4. Disable SSID Broadcast
By default, the router constantly broadcasts the SSID to the coverage area at a regular period. This makes the wireless network visible to everyone, including hacker. In a home wireless network, this constant roaming is not necessary and it serves almost no purpose. Once you have configured the network setting for your devices (e.g. computer, tablet, hand phone), the setting will stay. Furthermore, your friends are still able to connect to your network by manually key in the SSID name.
Normally, you can hide your wireless network by just ticking a (Disable SSID Broadcast) box at the router setting page. But, please beware that there are many free and simple-to-use software to sniff out a wireless network, even the SSID is hidden. My advice is not to depend solely on this method though.
5. Lower the WiFi Transmission Power
Not all the router support this feature, however, by lowering the WiFi transmission power, you can reduce the coverage range of the wireless signal. Albeit it’s normally impossible to fine-tune the power so perfectly that it wont leak outside the house, but with some trial-and-error, you can know how far the signal transmits outside your premise, and thus minimizing the hacking opportunity.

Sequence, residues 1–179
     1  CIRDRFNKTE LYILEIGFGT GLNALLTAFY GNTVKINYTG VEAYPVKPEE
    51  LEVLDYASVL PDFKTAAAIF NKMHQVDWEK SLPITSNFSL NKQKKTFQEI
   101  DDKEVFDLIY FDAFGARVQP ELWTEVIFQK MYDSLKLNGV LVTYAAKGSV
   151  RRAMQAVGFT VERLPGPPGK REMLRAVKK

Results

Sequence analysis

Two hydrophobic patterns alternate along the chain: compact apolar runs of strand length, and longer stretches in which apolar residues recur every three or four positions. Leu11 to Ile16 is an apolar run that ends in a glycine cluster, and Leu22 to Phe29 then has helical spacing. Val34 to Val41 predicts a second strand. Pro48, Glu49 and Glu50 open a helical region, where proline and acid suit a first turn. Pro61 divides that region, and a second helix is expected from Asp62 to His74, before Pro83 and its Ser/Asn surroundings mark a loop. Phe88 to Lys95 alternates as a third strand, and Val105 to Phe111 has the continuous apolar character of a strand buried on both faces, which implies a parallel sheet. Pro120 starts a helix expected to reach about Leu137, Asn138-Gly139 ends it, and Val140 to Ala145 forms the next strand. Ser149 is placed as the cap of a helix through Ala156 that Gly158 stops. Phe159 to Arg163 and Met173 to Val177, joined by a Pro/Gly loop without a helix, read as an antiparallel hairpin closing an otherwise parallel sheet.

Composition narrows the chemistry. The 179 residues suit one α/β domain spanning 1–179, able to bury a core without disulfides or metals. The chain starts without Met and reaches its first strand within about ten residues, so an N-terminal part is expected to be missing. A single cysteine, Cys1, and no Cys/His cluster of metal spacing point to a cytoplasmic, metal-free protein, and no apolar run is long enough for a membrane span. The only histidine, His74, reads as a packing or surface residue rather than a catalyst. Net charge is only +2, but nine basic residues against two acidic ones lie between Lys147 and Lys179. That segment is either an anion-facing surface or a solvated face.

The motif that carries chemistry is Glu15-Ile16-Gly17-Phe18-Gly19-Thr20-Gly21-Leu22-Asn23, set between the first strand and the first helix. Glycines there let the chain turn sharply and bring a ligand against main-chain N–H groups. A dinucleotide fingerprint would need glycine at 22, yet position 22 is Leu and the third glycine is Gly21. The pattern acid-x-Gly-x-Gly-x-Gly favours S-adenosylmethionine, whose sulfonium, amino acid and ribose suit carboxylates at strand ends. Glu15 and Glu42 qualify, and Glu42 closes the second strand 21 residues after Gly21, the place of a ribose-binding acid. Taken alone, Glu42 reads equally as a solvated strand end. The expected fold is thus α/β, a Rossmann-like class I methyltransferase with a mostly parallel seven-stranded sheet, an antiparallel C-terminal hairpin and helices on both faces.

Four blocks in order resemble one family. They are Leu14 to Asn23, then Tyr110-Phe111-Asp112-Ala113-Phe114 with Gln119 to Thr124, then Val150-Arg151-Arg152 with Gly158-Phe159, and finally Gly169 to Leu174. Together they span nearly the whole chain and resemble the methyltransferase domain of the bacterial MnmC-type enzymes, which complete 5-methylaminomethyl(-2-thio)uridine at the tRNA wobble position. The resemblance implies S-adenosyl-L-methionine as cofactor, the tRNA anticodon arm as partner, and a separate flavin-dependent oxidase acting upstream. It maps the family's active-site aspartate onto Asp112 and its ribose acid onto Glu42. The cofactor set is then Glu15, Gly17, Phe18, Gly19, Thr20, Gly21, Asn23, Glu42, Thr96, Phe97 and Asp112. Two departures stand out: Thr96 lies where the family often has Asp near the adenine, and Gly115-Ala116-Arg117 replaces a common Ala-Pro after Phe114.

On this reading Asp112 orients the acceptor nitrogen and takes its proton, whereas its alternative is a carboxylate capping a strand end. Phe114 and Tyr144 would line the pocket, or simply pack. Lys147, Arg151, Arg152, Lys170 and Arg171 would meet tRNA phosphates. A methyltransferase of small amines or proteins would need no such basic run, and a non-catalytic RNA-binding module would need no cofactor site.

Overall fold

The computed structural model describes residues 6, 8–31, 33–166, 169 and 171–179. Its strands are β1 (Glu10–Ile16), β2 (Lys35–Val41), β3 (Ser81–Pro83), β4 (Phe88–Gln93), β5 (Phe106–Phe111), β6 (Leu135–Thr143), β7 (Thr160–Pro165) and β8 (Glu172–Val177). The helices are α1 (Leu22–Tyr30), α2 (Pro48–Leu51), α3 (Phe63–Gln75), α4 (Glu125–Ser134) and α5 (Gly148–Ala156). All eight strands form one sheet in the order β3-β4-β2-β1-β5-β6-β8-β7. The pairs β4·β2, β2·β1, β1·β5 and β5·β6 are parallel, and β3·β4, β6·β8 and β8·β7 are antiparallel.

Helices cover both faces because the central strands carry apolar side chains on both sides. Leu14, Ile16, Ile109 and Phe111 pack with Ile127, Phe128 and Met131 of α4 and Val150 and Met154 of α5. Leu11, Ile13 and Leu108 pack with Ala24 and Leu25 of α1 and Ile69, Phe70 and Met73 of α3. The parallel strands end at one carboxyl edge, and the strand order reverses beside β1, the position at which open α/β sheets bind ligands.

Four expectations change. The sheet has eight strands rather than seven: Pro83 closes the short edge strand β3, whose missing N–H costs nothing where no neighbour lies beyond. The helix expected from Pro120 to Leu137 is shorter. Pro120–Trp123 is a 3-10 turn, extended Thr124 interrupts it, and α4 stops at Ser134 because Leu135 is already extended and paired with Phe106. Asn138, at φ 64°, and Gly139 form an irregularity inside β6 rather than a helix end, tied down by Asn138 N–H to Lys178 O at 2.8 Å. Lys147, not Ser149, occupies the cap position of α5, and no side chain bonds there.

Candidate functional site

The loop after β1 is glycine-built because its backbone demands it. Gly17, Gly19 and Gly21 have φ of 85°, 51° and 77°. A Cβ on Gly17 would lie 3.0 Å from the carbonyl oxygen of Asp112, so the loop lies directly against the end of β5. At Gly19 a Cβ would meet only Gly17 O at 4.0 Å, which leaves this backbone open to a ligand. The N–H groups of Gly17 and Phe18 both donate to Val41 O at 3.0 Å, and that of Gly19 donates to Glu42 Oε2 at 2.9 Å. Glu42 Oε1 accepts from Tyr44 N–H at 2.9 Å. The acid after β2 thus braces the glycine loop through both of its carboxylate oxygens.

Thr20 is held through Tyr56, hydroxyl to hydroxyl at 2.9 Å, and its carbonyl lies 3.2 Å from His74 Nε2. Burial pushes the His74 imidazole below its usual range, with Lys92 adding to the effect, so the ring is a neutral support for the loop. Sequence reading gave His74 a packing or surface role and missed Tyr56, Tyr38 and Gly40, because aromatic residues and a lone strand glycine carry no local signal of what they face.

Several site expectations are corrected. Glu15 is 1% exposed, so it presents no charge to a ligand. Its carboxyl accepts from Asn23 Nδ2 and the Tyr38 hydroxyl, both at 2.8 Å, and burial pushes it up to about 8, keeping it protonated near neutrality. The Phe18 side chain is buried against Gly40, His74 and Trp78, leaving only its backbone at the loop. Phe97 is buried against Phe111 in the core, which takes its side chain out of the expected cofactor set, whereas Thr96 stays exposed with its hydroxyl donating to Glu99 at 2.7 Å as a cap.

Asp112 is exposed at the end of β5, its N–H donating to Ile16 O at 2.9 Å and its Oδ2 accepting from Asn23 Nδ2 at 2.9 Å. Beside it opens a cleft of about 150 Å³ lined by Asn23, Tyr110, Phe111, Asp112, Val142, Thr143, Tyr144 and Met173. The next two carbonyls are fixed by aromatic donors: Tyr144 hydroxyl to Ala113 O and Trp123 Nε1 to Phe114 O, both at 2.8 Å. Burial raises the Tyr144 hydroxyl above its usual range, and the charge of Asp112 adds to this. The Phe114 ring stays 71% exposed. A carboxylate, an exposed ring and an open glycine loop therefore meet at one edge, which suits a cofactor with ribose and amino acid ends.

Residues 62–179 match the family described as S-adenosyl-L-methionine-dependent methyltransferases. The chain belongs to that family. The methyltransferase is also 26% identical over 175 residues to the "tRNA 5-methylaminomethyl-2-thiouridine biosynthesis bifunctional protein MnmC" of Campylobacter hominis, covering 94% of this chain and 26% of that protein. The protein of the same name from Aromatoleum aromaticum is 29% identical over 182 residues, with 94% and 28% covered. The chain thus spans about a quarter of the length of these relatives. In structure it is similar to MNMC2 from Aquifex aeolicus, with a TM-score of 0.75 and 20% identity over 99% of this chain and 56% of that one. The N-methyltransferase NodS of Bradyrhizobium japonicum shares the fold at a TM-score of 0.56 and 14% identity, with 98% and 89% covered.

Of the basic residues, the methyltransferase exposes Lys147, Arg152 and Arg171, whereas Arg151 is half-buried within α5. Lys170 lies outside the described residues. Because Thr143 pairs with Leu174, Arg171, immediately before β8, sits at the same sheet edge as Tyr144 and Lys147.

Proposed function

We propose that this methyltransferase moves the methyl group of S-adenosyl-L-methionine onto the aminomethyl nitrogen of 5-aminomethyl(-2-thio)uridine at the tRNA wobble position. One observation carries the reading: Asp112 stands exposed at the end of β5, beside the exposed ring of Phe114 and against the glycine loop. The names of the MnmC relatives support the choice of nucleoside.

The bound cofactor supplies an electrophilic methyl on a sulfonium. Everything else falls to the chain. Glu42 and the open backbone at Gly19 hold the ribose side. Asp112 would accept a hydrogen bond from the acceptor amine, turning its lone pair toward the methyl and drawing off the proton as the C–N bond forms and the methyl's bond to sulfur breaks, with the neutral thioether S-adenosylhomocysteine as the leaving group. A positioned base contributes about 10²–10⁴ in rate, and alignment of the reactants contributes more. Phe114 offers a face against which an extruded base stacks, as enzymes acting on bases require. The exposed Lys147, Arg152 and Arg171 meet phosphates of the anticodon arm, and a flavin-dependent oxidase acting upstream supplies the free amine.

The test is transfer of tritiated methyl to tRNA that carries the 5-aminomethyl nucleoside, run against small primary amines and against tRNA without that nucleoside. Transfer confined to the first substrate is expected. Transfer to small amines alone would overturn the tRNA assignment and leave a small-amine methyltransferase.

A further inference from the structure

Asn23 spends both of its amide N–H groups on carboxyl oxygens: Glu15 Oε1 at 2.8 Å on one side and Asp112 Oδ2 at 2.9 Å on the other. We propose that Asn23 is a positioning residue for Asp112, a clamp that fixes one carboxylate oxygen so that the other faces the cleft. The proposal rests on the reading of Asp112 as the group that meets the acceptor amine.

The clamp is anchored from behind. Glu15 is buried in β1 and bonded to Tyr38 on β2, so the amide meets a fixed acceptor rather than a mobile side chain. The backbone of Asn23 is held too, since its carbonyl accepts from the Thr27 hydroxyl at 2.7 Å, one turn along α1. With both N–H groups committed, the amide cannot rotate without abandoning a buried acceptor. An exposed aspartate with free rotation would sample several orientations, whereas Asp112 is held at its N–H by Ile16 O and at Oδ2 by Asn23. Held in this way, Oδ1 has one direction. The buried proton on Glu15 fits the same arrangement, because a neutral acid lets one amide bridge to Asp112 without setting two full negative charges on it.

If you’re willing to shell out some money, WiFi-blocking paint is a good option to prevent neighbours or hackers from accessing your home WiFi network without authorization. This special paint contains chemical to absorb radio signal and prevent it from getting out and in.
6. Enable MAC Address Filtering
Every wireless networking card(device) has its own unique MAC address, which is composed of 12 characters of numbers and alphabets. It’s just like an identification of the device. To enable MAC filtering, you would need to find out the MAC address of all the known devices first. I have included the methods for some of the common one at below:
Example of MAC Address: E2:B9:A5:46:E1:2B
Start > Run > cmd > ipconfig /all. Then, try to look for the ‘physical address’ just below the ‘Wireless LAN adapter Wireless Network Connection’.
Mac OS X 10.5 and later:
Network > Name of your connection(e.g., Wi-Fi, AirPort, Ethernet, Built-in Ethernet) > Advanced > Hardware, Ethernet or AirPort tab > ‘MAC Address’, ‘Ethernet ID’ or ‘AirPort ID’.